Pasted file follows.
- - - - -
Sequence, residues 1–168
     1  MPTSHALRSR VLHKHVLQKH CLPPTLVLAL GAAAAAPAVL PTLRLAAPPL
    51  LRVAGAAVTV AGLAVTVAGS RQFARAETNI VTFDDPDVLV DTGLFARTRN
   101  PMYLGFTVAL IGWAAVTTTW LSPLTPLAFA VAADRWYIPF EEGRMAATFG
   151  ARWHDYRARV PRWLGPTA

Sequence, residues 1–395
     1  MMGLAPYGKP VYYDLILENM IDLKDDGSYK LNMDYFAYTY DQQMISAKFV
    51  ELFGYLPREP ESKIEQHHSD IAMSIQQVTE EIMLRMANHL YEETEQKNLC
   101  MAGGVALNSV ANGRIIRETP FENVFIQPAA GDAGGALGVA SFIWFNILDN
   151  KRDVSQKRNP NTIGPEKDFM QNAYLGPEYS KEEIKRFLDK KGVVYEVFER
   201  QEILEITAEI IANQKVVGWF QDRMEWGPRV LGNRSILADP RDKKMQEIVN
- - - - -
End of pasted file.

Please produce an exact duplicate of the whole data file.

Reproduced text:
Sequence, residues 1–168
     1  MPTSHALRSR VLHKHVLQKH CLPPTLVLAL GAAAAAPAVL PTLRLAAPPL
    51  LRVAGAAVTV AGLAVTVAGS RQFARAETNI VTFDDPDVLV DTGLFARTRN
   101  PMYLGFTVAL IGWAAVTTTW LSPLTPLAFA VAADRWYIPF EEGRMAATFG
   151  ARWHDYRARV PRWLGPTA

Sequence, residues 1–395
     1  MMGLAPYGKP VYYDLILENM IDLKDDGSYK LNMDYFAYTY DQQMISAKFV
    51  ELFGYLPREP ESKIEQHHSD IAMSIQQVTE EIMLRMANHL YEETEQKNLC
   101  MAGGVALNSV ANGRIIRETP FENVFIQPAA GDAGGALGVA SFIWFNILDN
   151  KRDVSQKRNP NTIGPEKDFM QNAYLGPEYS KEEIKRFLDK KGVVYEVFER
   201  QEILEITAEI IANQKVVGWF QDRMEWGPRV LGNRSILADP RDKKMQEIVN